Tuesday, November 26, 2013

Pumpkin Puree

Last Thanksgiving, I got put in charge of the pumpkin pie. Growing up, I remember baking pumpkins with my mom so I decided to give it a try again. Making your own pumpkin is very easy and you can make it a day or freeze. Canned pumpkin is fine, but there is nothing like fresh, baked pumpkin.

I started with this beautiful pie pumpkin from our local farmers market

Cut off the top. You will need a good, sturdy chefs nice for this. Cut in a half and clean out the seeds.

Quarter the pumpkin and arrange on a cookie sheet or baking pan and bake until pumpkin is tender. Process cooked and cooled pumpkin until a smooth consistency. And silly me, I didn't get a final picture of the puree! But here is the finished product: pumpkin pie!

Pumpkin Puree
from Tasteful Cuisine

1 pie pumpkin (or as many as you want to bake)

Preheat oven to 350 degrees. Rinse pumpkin thoroughly and pat dry. Cut top off of pumpkin and cut in half. Clean out the seeds and quarter pumpkin. Arrange on a non-stick cookie sheet and bake for 45 minutes to 1 hour or until tender. Rotate the pumpkin halfway through so that cooks evenly. Cool completely. Peel the skin off the pumpkin and cut into small pieces. Transfer pumpkin to a food processor and process until a fine pulp. This mixture can be refrigerated up to 7 days or frozen for later use. Yields three cups.

Sunday, November 17, 2013

Pumpkin Pie Spice

It's that time of year for everything pumpkin. Pumpkin pie spice is an essential ingredient in fall baking. But why buy another jar of spice when you can make it with spices you already have in your pantry? It's simple!

Just measure out your ingredients:

Mix Together:

And Voila! You have your own homemade pumpkin pie spice:

I like making my own for a two reasons: I rarely make pumpkin recipes, so this allows me to make a small amount for the season. It would literally take me three or four years to go through a jar, by then it's no good. It also allows me to tweak the spice how I want. If I want more cinnamon, I can adjust and add more cinnamon. If I want more spice I can add more cloves and so on.

Pumpkin Pie Spice
from Tasteful Cuisine

Yields: 1 tablespoon

2 teaspoons cinnamon
1 teaspoon ground nutmeg
1/2 teaspoon ground ginger
1/4 teaspoon ground allspice
1/4 ground cloves

Mix spices together and store in airtight jar or container.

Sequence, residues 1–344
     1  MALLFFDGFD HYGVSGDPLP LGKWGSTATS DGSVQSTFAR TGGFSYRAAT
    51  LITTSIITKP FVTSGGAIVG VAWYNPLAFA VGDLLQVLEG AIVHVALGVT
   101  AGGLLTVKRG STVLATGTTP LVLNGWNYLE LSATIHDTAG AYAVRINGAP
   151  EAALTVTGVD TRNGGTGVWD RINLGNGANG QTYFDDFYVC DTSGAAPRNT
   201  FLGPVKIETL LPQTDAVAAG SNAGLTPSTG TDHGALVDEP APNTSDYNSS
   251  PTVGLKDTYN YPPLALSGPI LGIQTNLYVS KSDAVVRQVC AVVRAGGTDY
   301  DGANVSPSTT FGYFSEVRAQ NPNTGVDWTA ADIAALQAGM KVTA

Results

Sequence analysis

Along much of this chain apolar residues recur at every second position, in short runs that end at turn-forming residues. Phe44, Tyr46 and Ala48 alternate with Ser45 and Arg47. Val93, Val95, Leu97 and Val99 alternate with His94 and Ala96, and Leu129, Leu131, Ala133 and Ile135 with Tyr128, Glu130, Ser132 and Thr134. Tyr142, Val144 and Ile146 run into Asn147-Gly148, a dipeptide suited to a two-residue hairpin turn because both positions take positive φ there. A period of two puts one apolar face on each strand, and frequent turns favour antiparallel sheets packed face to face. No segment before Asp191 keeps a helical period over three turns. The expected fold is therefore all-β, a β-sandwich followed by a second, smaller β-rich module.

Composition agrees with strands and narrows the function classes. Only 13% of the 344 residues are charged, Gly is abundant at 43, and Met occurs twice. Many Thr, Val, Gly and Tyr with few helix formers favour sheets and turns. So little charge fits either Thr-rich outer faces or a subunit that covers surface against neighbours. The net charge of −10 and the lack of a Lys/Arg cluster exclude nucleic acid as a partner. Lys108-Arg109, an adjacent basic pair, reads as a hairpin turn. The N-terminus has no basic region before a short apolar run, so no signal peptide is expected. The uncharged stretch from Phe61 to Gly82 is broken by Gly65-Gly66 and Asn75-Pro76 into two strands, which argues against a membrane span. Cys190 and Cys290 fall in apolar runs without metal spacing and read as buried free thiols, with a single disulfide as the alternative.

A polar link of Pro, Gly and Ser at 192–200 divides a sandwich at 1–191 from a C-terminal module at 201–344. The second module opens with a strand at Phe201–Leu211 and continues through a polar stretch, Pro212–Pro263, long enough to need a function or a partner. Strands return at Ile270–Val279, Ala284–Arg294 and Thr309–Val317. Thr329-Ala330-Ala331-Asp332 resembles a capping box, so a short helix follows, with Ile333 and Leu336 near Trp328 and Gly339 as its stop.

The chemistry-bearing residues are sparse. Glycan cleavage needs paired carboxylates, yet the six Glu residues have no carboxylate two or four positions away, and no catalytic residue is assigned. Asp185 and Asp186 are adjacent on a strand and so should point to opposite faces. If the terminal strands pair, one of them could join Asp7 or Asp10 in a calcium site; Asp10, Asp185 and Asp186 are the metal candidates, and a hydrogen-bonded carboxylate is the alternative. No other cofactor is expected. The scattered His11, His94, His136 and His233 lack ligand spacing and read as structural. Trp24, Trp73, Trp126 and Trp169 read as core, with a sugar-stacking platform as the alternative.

Yields: 1/4 cup

2 tablespoons cinnamon
1 tablespoon ground nutmeg
2 teaspoons ground ginger
1 teaspoon ground allspice
1 teaspoon ground cloves

Tuesday, November 5, 2013

Preserving Herbs

This past spring, my husband built some raised beds to start a small garden. I planted mostly herbs with a few tomato and pepper plants (I tried to start small, this is my first gardening on my own). I love using fresh herbs so I planted as much as I possibly could. Now that fall is upon us, I need to preserve some of the herbs for the winter. We had our first small frost last week so I was busy preparing all my herbs before it hit.

Herbs from left to right: Basil, Oregano, Parsley, and Rosemary

To prepare herbs for drying, line cookie sheet with parchment paper, wash and dry the herbs, and spread the herbs in an even layer on a cookie sheet. Store in a dry place for ample drying time. I placed mine in a dry corner in the kitchen that is close to a heat vent and sunny window.  You can also dry herbs by tying together in a bundle and hanging them in a dry place.

Dried Oregano

I also made some lovely basil pesto and froze tablespoon amounts in ice cube. Once the cubes of pesto are frozen, pop them out and place them in a Ziploc bag. These are great to add to a sauce for an extra pop of flavor.

I got a little messy with the pesto...

Here's a run-down of what I did with each herb:

Using a strong pair of kitchen shears, harvest herbs from the garden. Cut stems at the base of the plant or as close as possible.

Carefully wash and dry herbs (a salad spinner works great for this). Lay out on paper towels to dry thoroughly.

Oregano: Remove oregano leaves from stem. Spread out on a cookie sheet to dry. 
Basil: Basil is a soft herb and is hard to dry so I opted for keeping it as fresh as possible. Use basil to make pesto and freeze in ice cube trays. Or freeze chopped basil leaves in olive oil. Once the cubes are frozen, remove and put in freezer safe containers or bags.
Parsley: Remove leaves from stem and finely chop the leaves. Spread in an even layer on a lined cookie sheet. You can also freeze parsley in olive oil as you do with basil.
Rosemary: Lay the stems out to dry. Once dry, pluck the leaves off of the stem.

Store all dried herbs in Ziploc baggies or spice containers or jars.

I also have some potted herbs that I plan to keep indoor this winter. This way I can use fresh herbs all year around!